• A void agreement may not be allowed by law, but an illegal agreement is stringently prohibited by law.
  • Every illegal agreement[xvii] is void, but all void agreements are not illegal. Best examples of illegal contracts are contracts including drugs, prostitution and gambling. Indian scenario has two types of agreements, oral and written.
  • Any agreement between two parties that goes against the interest and public policy of the State or tries enforcing terms that are prohibited by the State can be termed as illegal.
  • In addition to the above, alien enemies, convicts and insolvents are also restricted from entering into a contract.

An illegal contract is void and unenforceable generally. It can become enforceable as long as the party seeking its enforcement is less guilty than the other, and the agreement does not violate any moral or public policy[xviii]. Sometimes, what is illegal might not be morally wrong and what is wrong need not necessarily be illegal, and the law does not account for all that is illegal, and all illegal agreements may not be punished for. In the case of Holman v. Johnson[xix], the general principle of legality was established. It was held that an illegal contract is generally not enforceable unless the circumstances provide otherwise. An illegal contract is essentially not enforceable because

Written agreements are limited to writing in a particular format, and such agreements cannot be enforced unless they are written and sealed in that specific format. Oral agreements involve elements of words, actions or symbols, and that’s how they’re distinguished from normal contracts. Valid oral contracts are legally enforceable in the court of law. Section 48 of The Societies Registration Act, 1948 and Section 92 of The Indian Evidence Act, 1872 talks about the enforceability of verbal agreements. In Gomi Bai And Ors. Vs Uma Rastogi And Anr[xx]., it was held that oral agreement in that particular case was lawful since it had legal backing.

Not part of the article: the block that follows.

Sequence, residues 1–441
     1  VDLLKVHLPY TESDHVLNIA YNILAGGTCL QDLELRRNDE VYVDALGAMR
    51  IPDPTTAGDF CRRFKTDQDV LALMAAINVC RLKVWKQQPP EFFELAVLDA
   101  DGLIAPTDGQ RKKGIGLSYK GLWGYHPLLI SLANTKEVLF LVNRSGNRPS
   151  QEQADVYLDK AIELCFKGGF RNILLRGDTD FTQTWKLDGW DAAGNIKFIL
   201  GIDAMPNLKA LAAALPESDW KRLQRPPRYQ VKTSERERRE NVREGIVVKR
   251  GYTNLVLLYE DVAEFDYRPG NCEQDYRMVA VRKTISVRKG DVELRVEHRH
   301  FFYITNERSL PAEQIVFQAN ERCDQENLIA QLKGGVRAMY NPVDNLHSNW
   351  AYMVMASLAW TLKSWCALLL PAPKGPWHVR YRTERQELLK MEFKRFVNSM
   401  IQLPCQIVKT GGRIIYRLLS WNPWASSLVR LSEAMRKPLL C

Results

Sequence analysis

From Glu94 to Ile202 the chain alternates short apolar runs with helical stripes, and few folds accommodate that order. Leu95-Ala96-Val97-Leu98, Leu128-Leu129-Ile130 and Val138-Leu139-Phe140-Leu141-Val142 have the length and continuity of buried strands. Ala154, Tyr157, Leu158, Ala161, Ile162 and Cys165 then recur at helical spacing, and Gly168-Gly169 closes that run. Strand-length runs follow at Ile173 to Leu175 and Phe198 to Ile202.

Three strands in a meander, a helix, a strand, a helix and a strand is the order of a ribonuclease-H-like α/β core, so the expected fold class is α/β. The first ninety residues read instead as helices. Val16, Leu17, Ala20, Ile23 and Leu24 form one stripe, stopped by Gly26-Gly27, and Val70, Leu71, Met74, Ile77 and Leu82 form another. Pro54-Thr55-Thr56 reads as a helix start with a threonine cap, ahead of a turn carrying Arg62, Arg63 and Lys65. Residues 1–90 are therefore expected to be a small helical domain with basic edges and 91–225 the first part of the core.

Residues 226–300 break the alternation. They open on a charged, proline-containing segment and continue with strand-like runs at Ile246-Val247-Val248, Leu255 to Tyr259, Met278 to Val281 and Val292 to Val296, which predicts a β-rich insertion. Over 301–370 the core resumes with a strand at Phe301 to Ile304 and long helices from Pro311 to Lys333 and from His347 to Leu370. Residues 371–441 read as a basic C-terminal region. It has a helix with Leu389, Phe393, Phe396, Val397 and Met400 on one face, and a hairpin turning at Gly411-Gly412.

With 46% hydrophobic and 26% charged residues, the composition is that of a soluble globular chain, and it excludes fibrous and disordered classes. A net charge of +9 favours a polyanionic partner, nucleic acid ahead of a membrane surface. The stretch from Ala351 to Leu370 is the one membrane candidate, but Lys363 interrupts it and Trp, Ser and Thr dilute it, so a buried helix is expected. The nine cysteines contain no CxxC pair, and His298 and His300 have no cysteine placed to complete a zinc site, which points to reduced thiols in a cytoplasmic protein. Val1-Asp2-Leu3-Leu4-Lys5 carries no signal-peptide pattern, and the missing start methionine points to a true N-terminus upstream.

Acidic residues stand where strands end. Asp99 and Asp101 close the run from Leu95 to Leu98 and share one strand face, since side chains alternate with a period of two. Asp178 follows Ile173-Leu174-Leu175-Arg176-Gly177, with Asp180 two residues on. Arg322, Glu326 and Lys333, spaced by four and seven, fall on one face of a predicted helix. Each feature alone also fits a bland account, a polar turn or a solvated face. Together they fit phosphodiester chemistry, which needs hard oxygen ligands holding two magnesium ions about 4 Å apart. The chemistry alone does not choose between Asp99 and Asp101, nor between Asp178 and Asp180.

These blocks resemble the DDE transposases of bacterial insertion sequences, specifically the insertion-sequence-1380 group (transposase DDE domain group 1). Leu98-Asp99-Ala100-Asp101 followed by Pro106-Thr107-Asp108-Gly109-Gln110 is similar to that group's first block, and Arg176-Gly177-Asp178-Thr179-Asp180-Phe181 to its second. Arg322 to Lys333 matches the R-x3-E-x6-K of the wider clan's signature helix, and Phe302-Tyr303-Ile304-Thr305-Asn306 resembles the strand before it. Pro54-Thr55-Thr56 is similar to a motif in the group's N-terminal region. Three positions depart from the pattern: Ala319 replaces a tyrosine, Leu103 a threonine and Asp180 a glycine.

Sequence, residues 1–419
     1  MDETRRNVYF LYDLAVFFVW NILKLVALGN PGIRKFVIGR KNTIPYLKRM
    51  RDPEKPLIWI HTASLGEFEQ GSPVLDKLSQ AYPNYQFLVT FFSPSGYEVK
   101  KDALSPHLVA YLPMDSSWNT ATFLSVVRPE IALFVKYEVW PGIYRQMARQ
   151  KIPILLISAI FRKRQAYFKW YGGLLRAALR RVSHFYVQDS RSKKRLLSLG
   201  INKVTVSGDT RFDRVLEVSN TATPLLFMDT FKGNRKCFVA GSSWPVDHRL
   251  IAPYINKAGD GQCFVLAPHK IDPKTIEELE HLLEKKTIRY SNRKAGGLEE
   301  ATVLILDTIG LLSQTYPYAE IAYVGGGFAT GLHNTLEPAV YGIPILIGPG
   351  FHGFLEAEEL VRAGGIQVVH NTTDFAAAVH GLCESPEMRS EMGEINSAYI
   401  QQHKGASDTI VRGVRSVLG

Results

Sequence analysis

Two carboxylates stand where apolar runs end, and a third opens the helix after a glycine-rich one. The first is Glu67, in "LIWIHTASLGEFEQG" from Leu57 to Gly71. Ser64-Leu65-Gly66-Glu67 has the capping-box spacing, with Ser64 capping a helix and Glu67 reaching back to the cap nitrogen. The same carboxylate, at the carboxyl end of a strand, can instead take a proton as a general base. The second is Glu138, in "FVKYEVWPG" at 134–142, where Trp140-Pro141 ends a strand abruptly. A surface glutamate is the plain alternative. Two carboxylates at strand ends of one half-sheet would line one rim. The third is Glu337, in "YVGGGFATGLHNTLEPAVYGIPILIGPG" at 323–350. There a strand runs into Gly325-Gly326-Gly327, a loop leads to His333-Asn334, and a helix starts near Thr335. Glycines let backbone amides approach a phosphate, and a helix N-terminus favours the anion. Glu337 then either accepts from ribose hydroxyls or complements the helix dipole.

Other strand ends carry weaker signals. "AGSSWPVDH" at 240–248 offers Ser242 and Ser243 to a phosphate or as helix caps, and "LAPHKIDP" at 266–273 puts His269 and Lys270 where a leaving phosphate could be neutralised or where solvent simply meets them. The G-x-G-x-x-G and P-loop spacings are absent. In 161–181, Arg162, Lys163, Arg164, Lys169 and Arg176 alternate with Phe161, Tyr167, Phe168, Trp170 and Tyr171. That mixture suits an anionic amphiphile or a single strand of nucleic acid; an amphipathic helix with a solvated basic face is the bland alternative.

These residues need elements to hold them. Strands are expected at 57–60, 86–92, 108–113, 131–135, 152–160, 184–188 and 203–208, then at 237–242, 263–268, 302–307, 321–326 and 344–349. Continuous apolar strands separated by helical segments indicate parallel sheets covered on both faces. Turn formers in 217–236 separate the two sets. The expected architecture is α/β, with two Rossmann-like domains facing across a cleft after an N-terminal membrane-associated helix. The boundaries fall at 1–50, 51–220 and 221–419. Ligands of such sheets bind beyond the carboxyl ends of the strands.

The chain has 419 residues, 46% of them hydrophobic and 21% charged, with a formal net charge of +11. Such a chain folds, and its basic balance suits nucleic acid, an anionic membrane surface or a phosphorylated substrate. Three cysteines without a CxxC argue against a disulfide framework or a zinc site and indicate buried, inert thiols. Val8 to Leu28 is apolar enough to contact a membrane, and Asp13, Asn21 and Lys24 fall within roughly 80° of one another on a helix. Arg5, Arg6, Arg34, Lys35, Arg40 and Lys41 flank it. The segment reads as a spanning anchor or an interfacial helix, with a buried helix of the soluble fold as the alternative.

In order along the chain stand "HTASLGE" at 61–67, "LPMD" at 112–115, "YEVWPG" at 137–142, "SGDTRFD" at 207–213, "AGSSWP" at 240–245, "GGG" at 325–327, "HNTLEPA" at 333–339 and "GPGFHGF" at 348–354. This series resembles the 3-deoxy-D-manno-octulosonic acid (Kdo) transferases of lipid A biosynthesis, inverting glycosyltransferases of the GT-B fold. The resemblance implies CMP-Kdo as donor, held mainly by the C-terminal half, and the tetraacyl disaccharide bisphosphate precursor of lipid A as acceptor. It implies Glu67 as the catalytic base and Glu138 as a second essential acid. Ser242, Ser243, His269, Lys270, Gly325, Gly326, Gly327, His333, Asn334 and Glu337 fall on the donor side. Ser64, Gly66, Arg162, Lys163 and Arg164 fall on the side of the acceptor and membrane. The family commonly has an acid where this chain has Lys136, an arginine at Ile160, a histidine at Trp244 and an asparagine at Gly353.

CONCLUSION

Some contracts are void from the beginning; others are voidable at the option of either of the parties. In conclusion, an agreement without a legal backing would become unenforceable in the eyes of the law. All necessary conditions are to be followed and satisfied as per The Contracts Act to make sure that a contract could be enforced in a court of law. Legal professionals suggest remedies for unenforceable contracts. When one party fulfils the contract and the other doesn’t, legal remedies like specific performance and compensation are available to the bereaved party. The aggrieved party can chose to avail compensation as per the loss suffered from the non-performance of the contract.

 

Footnotes:

G.C.V SUBBA RAO, LAW OF CONTRACTS I & II(1978).

[i]Popat Namdeo Sodanvor vs Jagu Pandu Govekar, AIR 1969 Bom 140.

[ii]The Indian Contract Act, Act no. 09 of 1872.

[iii]Williams v Bailey (1866) LR 1 HL 200.

[iv]Ladli Prasad Jaiswal vs Karnal Distillery Co., Ltd., & Ors, 1964 SCR (1) 270.

[v]Oil & Natural Gas Corporation Ltd vs Saw Pipes Ltd on 17 April, 2003, Appeal (civil) 7419 2001 of 518.

[vi]Mohori Bibi vs. Dharmodas Ghosh(1903) 30 Cal 539.

[vii]York Glass Co. Ltd v Jubb [1925] All ER 285.

[viii]The Indian Contracts Act (Act no.9 of 1872).

[ix]The Civil Procedure Code(Act no. 5 of 1908).

[x]The Companies Act 2013, s.21.

[xi]G.C.V. SUBBA RAO, LAW OF CONTRACTS I&II(1978).

[xii]Lakshmi Amma vs. T.Narayana Bhatta, AIR 1970 SC 1367.

[xiii]In Tata v. Williamson, 1866 LR 2 Ch. App. 55, 61.

[xiv]Chinnamma v. Devangha Sangha, AIR 19773 Mys. 338.

[xv]Griffith v Brymer (1903) 19 TLR 434.

[xvi]Redgrave v Hurd 20 Ch D 1.

[xvii]Rose and Frank Co v JR Crompton [1925] AC 445.

[xviii]McIntosh v. Mills, 121 Cal.App.4th 333, 347 (2004).

[xix]Holman v Johnson, (1775) 1 Cowp 341.

[xx]Gomi Bai And Ors. vs Uma Rastogi And Anr., 2005 (2) ALD 631.

 

Disclaimer: The views and opinions expressed in this article are those of the authors and do not necessarily reflect those of Katcheri.in.